By investing in and embracing the right technologies – and successfully implementing them in firms – insurers can enhance operational efficiencies and re-establish their value proposition. And leveraging the capabilities of digital and data insurers can also lead to a better understanding of the needs and desires of customers.
Continued digital transformation of the insurance industry
Covid-19 quickly made it apparent that firms that had embraced digital technologies were better placed to navigate the pandemic’s prolonged challenges. But the onus is now on the whole industry to invest in digital technology, enhance operational efficiency and move forward as one.
For insurers, digital can remove significant cost and reduce time-consuming manual work. Increased focus on the suitability of smart contracts can also offer significant benefits to policyholders by streamlining the overall claims process, cutting down on delays and reducing uncertainty in the event of a loss.
By embracing emerging technologies such as blockchain, firms can also reduce unnecessary paperwork. Automation and artificial intelligence (AI) will also play a pivotal role in the development of smart contracts to prevent fraud, as well as freeing up staff to focus on more fulfilling and business-critical tasks.
Insurance firms to take on a more advisory role
There’s an opportunity now for insurers to demonstrate their added value to customers. One such way is by taking on an educational, advisory role, whereby if a claim doesn’t occur in a policy lifecycle, customers can still expect to feel that they’ll get what they paid for.
Cyber-security insurance is one area where this is already happening, with firms advising clients on preventative measures to avoid a breach in the first instance and then, where needed, responding to individual incidents. Ultimately, it’s about being proactive rather than reactive and informing behavioural change in an organisation to help prevent loss of products.
Operating in this way means firms can build better relationships with customers and meet their evolving needs. Advising customers also supports loss prevention rather than loss indemnity, which is beneficial because not only does it give customers more control to reduce premiums, crucially, it also helps to improve claim ratios and insurer profits.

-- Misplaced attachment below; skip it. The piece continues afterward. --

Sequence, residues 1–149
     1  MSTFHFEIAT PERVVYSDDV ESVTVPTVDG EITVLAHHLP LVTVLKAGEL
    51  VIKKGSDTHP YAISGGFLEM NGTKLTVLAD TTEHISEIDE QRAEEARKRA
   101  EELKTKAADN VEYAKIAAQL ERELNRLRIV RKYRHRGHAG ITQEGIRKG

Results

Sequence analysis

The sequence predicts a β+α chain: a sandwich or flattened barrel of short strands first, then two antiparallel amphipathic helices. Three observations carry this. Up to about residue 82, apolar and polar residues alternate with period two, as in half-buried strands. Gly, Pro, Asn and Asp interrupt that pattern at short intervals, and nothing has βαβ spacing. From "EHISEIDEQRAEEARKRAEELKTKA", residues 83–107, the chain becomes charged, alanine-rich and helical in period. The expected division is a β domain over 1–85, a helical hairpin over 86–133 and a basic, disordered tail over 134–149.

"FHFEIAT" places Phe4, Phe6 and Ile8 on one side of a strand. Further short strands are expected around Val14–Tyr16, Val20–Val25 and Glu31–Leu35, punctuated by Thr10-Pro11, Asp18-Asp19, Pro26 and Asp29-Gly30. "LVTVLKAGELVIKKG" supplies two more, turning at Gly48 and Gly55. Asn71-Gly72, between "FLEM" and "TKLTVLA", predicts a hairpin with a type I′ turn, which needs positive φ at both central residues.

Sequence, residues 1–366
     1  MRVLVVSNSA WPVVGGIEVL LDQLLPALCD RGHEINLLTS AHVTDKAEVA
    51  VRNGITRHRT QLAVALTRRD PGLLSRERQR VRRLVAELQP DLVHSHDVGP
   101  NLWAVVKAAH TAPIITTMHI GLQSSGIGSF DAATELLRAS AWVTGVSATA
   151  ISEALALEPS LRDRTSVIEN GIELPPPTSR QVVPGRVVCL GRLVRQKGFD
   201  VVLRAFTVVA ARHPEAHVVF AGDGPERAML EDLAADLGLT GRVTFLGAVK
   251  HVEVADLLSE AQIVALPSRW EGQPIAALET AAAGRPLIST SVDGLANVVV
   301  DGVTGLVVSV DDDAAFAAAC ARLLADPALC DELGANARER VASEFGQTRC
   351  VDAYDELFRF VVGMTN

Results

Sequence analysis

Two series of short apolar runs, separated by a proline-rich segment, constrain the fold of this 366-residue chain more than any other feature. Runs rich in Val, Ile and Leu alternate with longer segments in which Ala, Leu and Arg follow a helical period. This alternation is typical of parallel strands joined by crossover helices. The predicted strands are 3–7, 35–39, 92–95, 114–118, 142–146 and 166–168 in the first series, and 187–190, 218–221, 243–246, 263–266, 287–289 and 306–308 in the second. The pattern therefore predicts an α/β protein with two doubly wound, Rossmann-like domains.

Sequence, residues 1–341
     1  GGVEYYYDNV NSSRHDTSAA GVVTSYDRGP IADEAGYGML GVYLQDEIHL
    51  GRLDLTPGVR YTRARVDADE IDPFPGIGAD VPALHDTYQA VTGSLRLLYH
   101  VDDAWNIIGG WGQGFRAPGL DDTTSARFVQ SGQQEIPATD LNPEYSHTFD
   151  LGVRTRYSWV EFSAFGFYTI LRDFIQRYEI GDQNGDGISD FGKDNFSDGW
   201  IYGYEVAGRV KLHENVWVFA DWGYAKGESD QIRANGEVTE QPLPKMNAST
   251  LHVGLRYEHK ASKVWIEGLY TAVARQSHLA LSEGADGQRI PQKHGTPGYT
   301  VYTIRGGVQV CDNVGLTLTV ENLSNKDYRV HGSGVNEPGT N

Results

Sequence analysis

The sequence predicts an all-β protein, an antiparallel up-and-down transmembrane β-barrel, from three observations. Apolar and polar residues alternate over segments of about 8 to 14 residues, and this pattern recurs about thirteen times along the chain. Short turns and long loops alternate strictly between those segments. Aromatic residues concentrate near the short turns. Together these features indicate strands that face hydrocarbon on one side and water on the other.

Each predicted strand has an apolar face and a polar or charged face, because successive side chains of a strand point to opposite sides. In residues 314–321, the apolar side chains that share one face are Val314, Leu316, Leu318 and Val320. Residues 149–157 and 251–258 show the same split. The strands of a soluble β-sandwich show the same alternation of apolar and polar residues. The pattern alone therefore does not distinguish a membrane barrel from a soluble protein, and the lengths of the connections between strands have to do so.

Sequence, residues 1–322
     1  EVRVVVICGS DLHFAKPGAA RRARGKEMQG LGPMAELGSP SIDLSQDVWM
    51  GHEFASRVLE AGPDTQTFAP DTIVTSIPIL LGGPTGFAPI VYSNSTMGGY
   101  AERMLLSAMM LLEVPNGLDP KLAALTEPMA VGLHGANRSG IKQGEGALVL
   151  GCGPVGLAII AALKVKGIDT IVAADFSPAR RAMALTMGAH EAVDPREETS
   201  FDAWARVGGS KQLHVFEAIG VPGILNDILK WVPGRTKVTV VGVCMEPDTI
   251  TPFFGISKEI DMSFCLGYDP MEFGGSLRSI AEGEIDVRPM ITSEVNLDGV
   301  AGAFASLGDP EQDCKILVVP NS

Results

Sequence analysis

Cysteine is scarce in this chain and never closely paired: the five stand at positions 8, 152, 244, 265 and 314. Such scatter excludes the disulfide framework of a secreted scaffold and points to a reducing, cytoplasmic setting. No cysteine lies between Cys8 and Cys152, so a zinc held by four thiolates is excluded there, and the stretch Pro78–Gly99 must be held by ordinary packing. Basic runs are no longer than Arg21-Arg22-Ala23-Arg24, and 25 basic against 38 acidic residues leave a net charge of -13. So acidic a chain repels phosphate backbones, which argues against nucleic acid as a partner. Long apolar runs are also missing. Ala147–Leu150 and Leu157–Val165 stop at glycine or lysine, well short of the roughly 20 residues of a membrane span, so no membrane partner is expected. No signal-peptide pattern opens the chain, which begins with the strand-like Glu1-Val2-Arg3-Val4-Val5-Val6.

Data must be used in a more structured way
Data is central to the running of any successful insurance firm, from helping to better understand customers, to risk assessment and analysing the full extent of a claim. If insurers hope to improve their value proposition to attract new customers (and retain old ones), leveraging insights from enhanced data analytics will be the key to becoming more customer-centric.
To achieve this, however, first-party data alone is no longer enough. Insurers, like banks, have valuable information on their customers, but most of it is their own internal data – and that’s just half of the picture. In response, insurers should be looking to combine this with external data sources to develop a complete view of customers.
Once you have this high-resolution view of consumers, it can breed operational efficiencies across the value chain, from onboarding quicker and enriching experiences with fewer questions for customers to answer, to understanding their wants and needs and knowing exactly what innovative products and services are required to meet them.
Become more data-driven and customer-centric with D&B
The insurance sector today has a unique opportunity to leverage the capabilities of digital and data, to drive innovation and become more customer-centric.
Get in touch today to learn more about how D&B’s world-leading business decisioning data and insights can help you to proactively meet customer demands, seize the digital opportunity and emerge stronger from the pandemic.
The data transformation of insurance
The use of data, analytics and technology to better predict and understand insurance risk, not just to help calculate a premium but to do more for the customer and make insurance something they really value, is set to grow significantly. Customer needs and expectations have shifted, risks are changing and insurance providers need to keep pace through data.
With 40 years’ experience as a trusted custodian of consumer and business data, LexisNexis Risk Solutions is assisting the insurance market through its data transformation.